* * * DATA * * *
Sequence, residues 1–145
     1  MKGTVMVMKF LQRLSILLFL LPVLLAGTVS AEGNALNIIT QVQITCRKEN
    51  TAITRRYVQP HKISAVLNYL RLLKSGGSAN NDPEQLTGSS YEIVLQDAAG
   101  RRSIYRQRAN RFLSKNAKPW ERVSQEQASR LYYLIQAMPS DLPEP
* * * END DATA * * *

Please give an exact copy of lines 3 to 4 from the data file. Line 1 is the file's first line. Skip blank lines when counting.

    51  TAITRRYVQP HKISAVLNYL RLLKSGGSAN NDPEQLTGSS YEIVLQDAAG
   101  RRSIYRQRAN RFLSKNAKPW ERVSQEQASR LYYLIQAMPS DLPEP